I have two functions,and their structure like that,
def extract(input): pass #test the length of input, and the length changed over time def checkif(s1): r1 = extract(s1) if len(r1) < 1: r1 = extract(s1) if len(r1) < 1: r1 = extract(s1) if len(r1) < 1: r1 = extract(s1) return r1 else: return r1 else: return r1 else: return r1
I want to return a result that its length is larger than 1 and after 4 times, if it still less than 1, that is enough, then return the result that smaller than 1. You see, the function of checkif is complex and I think it can be reduced, but how to reduce this structure? Any idea is helpful!
If you need to limit it to 4 times, you could use a for-loop:
def checkif(s1): for _ in range(3): r1 = extract(s1) if len(r1) < 1: return r1 return extract(s1)
Notice I loop 3 times because the last time you return
r1 unconditionally, which happens outside of the loop.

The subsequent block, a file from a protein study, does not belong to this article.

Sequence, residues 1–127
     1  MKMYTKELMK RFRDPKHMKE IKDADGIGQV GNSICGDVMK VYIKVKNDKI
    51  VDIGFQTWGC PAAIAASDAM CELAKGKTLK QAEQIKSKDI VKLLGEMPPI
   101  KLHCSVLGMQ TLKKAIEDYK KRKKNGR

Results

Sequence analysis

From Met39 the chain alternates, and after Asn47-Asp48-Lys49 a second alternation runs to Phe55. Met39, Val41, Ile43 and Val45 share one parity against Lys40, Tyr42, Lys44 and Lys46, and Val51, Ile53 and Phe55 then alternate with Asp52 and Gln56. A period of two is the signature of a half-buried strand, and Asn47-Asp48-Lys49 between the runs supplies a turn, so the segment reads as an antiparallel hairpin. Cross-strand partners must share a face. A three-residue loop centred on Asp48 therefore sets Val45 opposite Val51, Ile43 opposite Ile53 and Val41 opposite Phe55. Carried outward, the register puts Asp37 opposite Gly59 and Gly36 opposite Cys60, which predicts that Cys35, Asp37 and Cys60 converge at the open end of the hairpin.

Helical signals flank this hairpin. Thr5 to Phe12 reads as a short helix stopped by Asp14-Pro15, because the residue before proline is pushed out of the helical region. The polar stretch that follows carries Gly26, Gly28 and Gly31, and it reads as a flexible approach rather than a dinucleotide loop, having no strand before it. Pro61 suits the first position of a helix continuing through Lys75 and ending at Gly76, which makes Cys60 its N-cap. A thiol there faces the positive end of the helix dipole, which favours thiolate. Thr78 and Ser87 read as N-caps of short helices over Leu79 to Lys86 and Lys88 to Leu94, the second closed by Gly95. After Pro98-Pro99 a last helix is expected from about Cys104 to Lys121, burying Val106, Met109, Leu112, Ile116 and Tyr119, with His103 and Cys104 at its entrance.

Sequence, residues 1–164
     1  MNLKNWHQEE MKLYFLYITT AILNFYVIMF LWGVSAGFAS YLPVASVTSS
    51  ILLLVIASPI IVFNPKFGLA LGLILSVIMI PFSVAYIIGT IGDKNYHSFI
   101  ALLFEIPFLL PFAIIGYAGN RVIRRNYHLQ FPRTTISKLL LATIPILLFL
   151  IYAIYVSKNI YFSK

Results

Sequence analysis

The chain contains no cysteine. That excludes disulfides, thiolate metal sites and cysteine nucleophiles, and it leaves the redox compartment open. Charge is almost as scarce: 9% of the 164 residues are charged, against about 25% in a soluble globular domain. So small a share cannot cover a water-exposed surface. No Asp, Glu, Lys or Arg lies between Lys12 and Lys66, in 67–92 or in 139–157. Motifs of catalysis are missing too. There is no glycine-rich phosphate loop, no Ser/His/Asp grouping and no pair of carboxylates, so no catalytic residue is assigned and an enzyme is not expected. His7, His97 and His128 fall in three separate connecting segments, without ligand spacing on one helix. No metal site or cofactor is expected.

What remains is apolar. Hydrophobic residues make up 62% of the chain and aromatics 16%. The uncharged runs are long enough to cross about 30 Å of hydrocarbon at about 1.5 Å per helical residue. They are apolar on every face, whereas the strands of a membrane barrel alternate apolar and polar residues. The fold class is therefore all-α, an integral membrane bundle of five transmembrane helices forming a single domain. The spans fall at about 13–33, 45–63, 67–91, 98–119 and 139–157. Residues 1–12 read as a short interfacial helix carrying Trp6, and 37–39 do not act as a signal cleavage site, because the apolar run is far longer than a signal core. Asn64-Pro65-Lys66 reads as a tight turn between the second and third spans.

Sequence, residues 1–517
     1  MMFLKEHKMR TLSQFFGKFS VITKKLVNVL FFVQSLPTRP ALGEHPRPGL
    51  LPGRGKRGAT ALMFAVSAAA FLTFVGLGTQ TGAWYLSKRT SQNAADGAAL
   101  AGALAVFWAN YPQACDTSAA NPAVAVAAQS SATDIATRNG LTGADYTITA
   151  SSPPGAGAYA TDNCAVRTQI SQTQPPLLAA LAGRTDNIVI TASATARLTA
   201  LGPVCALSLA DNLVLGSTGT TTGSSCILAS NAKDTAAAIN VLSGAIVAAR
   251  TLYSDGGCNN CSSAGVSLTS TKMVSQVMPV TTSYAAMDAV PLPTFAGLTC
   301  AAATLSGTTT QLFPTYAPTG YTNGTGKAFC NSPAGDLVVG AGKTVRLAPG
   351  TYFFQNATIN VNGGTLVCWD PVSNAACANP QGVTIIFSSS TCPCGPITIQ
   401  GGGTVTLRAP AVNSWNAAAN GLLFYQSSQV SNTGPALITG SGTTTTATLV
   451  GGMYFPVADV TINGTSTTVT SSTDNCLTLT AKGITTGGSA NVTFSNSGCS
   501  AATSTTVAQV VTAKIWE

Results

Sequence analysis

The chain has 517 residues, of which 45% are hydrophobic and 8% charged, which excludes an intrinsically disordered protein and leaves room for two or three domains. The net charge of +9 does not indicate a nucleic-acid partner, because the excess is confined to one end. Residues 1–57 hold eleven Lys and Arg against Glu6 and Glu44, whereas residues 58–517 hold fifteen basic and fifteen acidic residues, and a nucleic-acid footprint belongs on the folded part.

To repeat an action several times, use a loop. Either a
for-loop or a
while-loop. If you know the number of times in advance, use a
for-loop; if you don’t, use a
Here we don’t know in advance; so we use a
def checkif(s1): r1 = extract(s1) extracted_times = 1 while len(r1) < 1 and extracted_times < 4: r1 = extract(s1) extracted_times += 1 return r1
Note that if
s1 doesn’t change between two calls to
extract, then we should expect that
extract will always produce the same result. Trying to extract more than once only makes sense if
extract does not always produce the same result, either because it is influence by randomness or external factors, or because it modifies its input in addition to producing an output.
Usually, it’s good to make it very explicit whether a function produces a result, or modifies its input. For instance, consider
sorted(l) which produces a sorted list without modifying its input; and
l.sort() which sorts its input without producing a result. Mixing those two kinds of functions can defy the expectations of the user and cause mistakes.